#jhrom Jewish Romance. My heroines are smart, sexy, and yes, Jewish!

Here’s what my twitter bio says: (It really says this, I wrote it myself.)

Iowan.Writer of smart genre fiction. A lover of all things syfy, fantasy, GSDs. A Jewish hero or heroine in all my work. Author of the award-winning Captured.

Even if it is unstated, all my heroines are Jewish – from Mari in Captured, to Cara in Come Back to Me, to Eva in Beauty and the Feast, to Sara in Incorporeal, to Dr. Meera Driver in my fun Vixen comics. All of them.

Why?

1. I may be a mix of things, but I’m Jewish. My world view was and is shaped by my Jewish  roots, my Jewish family, my Jewish experiences, my Jewish education, the study of the Hebrew language and the Hebrew Bible, along with the New Testament (Hey, Jesus was a total Jew.), and my obsession with the study of history and religions.

2. I hate TSTL heroines. Hate ’em with a grand passion.

3. Every heroine I write is an aspect of me. Thus she/they is/are Jewish. And I’ve thrown some Jewish heroes into the stories for good measure.

4. Jewish women are hot. Get used to it. Sexy does not negate smart. Neither does smart negate sexy. Smart IS sexy.

5. I ain’t gonna hide what I am. I’m proud to be Jewish. I’m proud of what I write. I write what I want. And what I want is to write books about competent, complex, canny Jewish women.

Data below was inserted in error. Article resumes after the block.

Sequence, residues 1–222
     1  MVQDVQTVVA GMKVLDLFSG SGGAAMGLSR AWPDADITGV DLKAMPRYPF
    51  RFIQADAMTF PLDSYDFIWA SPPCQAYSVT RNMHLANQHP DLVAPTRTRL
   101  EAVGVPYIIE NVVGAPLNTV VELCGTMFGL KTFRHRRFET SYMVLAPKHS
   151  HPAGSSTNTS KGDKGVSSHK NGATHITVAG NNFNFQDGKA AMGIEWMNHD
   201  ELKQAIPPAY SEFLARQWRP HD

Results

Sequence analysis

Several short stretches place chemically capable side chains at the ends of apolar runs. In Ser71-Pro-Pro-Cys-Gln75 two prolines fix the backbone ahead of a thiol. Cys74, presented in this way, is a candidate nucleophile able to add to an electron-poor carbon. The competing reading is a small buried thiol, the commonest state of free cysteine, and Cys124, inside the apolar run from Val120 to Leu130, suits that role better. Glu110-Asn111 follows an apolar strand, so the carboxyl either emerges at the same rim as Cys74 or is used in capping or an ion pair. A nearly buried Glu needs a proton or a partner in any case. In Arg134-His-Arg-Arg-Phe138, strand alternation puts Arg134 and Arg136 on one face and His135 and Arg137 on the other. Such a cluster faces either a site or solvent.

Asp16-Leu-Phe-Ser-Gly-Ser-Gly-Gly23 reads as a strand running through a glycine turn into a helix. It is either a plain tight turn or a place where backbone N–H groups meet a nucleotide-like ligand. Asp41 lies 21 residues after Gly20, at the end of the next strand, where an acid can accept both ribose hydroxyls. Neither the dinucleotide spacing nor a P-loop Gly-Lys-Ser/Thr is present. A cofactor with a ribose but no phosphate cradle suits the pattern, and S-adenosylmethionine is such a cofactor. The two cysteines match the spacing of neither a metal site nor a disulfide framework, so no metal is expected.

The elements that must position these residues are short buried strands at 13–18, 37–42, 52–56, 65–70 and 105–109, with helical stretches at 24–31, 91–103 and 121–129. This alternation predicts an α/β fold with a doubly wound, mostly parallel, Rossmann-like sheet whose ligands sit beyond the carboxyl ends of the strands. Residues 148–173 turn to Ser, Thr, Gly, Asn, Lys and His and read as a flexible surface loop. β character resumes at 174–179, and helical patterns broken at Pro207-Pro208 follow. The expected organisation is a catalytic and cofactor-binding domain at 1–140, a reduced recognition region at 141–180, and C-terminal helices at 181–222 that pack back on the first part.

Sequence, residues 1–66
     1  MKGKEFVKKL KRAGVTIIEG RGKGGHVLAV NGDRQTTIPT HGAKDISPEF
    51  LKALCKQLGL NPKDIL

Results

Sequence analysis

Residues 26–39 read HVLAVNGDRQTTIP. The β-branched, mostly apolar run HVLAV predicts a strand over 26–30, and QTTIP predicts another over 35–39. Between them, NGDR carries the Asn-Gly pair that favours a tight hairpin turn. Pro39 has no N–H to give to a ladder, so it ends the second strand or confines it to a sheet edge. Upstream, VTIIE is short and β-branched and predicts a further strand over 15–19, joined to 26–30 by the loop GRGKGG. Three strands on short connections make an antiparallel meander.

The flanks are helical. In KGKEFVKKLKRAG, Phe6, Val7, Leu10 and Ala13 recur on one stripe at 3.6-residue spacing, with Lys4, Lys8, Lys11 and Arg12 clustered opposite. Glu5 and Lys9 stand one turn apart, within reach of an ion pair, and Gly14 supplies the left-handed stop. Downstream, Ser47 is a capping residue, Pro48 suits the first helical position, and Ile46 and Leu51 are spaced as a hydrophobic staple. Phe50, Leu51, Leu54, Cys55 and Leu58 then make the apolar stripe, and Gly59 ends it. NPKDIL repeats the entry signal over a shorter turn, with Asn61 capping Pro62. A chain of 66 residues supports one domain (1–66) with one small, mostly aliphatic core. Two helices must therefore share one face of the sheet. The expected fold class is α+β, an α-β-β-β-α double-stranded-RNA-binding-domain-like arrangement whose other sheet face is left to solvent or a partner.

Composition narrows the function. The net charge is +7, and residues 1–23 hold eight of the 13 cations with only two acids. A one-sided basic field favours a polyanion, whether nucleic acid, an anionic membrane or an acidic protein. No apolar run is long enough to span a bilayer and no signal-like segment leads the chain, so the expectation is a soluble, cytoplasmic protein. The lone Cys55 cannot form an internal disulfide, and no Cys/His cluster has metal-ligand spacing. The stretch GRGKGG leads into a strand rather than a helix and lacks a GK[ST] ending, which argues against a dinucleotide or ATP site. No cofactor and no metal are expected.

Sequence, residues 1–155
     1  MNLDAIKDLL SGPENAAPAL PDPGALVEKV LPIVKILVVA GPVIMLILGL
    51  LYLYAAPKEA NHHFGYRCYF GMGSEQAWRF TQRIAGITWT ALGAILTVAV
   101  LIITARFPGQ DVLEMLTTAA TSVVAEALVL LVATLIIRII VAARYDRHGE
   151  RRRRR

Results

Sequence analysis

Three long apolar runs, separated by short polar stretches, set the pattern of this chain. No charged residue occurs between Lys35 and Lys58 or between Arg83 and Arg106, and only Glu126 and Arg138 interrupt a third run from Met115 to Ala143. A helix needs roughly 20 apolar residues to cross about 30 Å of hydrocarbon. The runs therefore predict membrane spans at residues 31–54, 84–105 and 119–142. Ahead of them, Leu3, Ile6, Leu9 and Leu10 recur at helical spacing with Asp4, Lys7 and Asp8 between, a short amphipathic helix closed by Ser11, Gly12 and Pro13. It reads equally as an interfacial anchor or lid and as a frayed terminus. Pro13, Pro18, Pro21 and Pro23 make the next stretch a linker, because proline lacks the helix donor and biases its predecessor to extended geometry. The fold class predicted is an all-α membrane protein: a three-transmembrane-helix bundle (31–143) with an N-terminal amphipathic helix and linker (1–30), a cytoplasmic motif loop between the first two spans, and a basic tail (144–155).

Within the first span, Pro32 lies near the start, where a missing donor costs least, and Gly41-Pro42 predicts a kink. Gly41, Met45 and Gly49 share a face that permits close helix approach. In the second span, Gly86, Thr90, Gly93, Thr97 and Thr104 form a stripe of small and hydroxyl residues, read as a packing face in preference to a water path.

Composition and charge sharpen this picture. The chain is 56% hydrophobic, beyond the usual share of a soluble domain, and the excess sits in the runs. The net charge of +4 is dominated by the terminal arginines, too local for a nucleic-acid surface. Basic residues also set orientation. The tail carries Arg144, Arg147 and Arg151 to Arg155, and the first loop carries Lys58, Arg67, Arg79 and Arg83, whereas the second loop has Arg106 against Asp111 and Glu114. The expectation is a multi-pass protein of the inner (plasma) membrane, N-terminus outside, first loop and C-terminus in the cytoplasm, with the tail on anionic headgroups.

Read my books. You will like them.

(Remember, sometimes I do plug my own books on this blog!)

The Mental Activity of Writing. Step Three.

Imagination is the key.

As long as I can remember I’ve essentially sung myself to sleep with a story. It’s like this:

I write a story in my mind and I feature myself as the heroine. So easy to do!

The easiest way to begin is to pick a story, any story you like provided it is a heroic story, as in I want you to take a hero’s journey. I’ll make it even easier. If you like romance, pick Outlander. If you like science fiction pick, um… Stranger In A Strange Land, or The Illustrated Man, or, oh… super easy– Battlestar Galactica.

Remove the protagonist, male or female. Substitute yourself in his or her place and imaginarily write away! Rewrite the narrative in your head featuring you! I’m not encouraging you to actually write fanfic. I’m not a fan of fanfic. What I am suggesting is that you learn from the greats.

Become John Blackthorn of Shogun. Starbuck (the female version) of BSG. (One of the Sharons would be even better!) Jon Snow of GOT. Become Jane Eyre of Jane Eyre. But write your own narrative. Change things up. Stir the pot!

The stories we put on paper grow out of the stories we hear in our heads. Don’t be derivative! But at the same time keep in mind there is nothing new under the sun. Certain universal themes are recycled over and over again by countless authors and there is a reason for this. Universal themes resonate with readers. The trick is to spin your own unique version of these universal themes.

Oh, and read The Hero With A Thousand Faces, The Collected Works of Joseph Campbell. Yeah, slog through it. (It really ain’t no slog!) At the heart of every story lies the hero’s journey. Your characters must move forward, face challenges, and evolve, either for good or for evil. If they do nothing more than spin their wheels, take up page space, they are doomed to forever be labeled as boring. Nothing kills a book like boring.

Oh, an no whining. Whiny characters do nothing more than annoy readers.

So, as a mental exercise, pick your favorite book. Remove protagonist. Insert you. Go for it.